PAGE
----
6. Laurence says:

    This is interesting – I found the Stormlight Archive hard to get into initially – the bits in the first book where Shallan’s sailing around and Kaladin’s basically getting crapped on. I think part of it is the Sanderson crescendo where the books tend to start out slowly and then avalanche at the end and partly because it seemed to be at least 3 completely unrelated stories and it was very hard to work out what was going on between them (the answer is, of course, “nothing – wait until the next book”)

    I didn’t have so much trouble with Oathbringer, perhaps because I was already invested in the story, and it hadn’t been /too/ long since I’d read the others. I’ve actually just started re-reading the first one and I’m finding it easier to get into, probably because I already know the characters and the world.

    I would still put The Final Empire as the peak of Sanderson in my estimation though. I really enjoyed that book!

    • aaronthepatriot says:

      I agree about the general tempo, but the hook he provided with the initial assault and the assassination of that king really drew me in, was enough to take me through the first massive tome without complaint. Didn’t the second book start almost the same way? Can’t remember now, but I might have accidentally started rereading (Kindle) and then caught myself, and can’t remember.

      Anyway you just need to hook me with a cool mystery and I’ll read 1,000 pages of exposition. Just, you know, in case there are any authors reading this.

      • Laurence says:

        I did find the initial bit interesting – I really enjoy Sanderson’s magic systems – but by the time I’d got half way through the book I’d basically forgotten about it. It’s a massive tome! I think by the time Kelsier started to do the same sort of things, I’d forgotten enough about the assassin in white that I didn’t realise Kelsier was developing the same powers. At least until they met again.

        The fact that I read the other two and have just started rereading shows that it did manage to keep me, but I did find the middle of that book a slog.

        But then, I’ve read all of WoT, I’m clearly used to slogs!

      • aaronthepatriot says:

        It was so cool I was seeing it in every corner, LOL, so I picked up on it right away.

        Yeah, slog away, I say. There’s never enough good writing out there for me. Again in case any writers are reading this.

        You might say I have a “read-write error”? *Dr. Evil pinky*

    • Laurence (And brkn if you can see this, chose to reply to Laurence), I really want to talk about a couple of aspects of Oathbringer, now having finished it, if you’re game. Actually there’s a lot I’d like to talk about but I’ll just start with a couple/few.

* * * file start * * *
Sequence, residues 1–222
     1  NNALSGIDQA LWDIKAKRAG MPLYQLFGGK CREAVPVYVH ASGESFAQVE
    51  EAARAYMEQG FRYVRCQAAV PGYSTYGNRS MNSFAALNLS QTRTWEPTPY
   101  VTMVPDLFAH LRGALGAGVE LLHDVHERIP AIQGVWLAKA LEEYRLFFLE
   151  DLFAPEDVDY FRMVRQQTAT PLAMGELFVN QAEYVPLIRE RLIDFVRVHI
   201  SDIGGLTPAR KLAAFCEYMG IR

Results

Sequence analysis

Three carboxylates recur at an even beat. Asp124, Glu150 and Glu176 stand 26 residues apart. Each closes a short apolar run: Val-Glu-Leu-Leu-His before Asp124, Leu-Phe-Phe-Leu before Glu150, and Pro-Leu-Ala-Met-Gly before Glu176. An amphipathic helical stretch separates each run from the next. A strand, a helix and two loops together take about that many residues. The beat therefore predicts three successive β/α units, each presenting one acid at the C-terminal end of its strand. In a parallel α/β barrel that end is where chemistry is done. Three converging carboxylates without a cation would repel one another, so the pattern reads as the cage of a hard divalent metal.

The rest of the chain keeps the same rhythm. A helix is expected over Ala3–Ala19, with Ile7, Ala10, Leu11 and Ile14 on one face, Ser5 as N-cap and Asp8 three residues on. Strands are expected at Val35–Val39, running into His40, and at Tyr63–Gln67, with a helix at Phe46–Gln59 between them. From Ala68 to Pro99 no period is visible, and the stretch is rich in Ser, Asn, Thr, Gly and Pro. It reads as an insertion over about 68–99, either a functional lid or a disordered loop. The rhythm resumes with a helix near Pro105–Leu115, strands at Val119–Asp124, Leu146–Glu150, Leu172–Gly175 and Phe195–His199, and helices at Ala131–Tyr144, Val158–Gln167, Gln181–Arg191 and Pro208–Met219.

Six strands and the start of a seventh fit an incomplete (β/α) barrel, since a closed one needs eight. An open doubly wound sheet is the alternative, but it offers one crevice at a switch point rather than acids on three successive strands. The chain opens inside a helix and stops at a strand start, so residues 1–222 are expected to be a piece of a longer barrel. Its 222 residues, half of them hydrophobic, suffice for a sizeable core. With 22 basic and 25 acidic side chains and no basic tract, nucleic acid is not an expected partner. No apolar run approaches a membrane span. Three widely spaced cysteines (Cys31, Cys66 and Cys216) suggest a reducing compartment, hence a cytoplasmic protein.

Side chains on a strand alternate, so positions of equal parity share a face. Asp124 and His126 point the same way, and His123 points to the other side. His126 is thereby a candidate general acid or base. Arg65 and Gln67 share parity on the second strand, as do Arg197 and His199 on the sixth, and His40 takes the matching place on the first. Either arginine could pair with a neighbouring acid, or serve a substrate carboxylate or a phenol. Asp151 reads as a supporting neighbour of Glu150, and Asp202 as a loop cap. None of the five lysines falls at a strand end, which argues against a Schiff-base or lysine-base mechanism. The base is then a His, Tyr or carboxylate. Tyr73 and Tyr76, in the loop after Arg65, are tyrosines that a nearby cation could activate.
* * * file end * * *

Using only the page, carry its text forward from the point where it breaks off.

But since Hatboy is still slogging away, Spoiler space


      Spoilers below
      Sorry Hatboy, my only other options are to wait or to search the internet for random discussions

      OK so I have to say I was confused at Taravingian’s plan for Dalinar. Maybe I misread and he was always saying “destroy” not “kill”, but I thought it was idiotic to kill humanity’s only hope. But if he always was just planning on ruining his reputation, I guess it makes more sense.

      But now, at the end, I’m wondering if he’s been working with Odium’s spren all along, or was otherwise compromised by them, hence this stupid idea.

      Also, in the big battle sequence, when Dalinar overcomes the threat from Odium, Odium shouts in despair that “we killed you”. So…is Dalinar Honor now, or is there some other meaning? I didn’t get the meaning behind that statement.

      I gotta say I was starting to agree with the Parshman side since humans were revealed as the true invaders. But then when it was revealed that Odium was OUR invading spren but we switched over to Honor, that made the “right” side ambiguous enough that I can continue to root for “the good guys”.

      And finally, for now, what’s going on with the black smoke dagger? Are they killing the original Heralds for good, now? What do you think is going on there?

      I’m really glad Szeth is back, as his own man, with his hilarious sword. Always love a funny sword.

      This is getting REALLY complicated, though, trying to figure out what really happened in the past, what’s happening now, and how it might reach resolution. I need a diagram. Or a Diagram, LOL. I need to see that thing Taravingian has.

  7. aaronthepatriot says:

    Just a random fact, I placed a hold on Oathbringer at my local library and there are oodles of copies, both book form and book on CD. Go SANDERSon! GZ!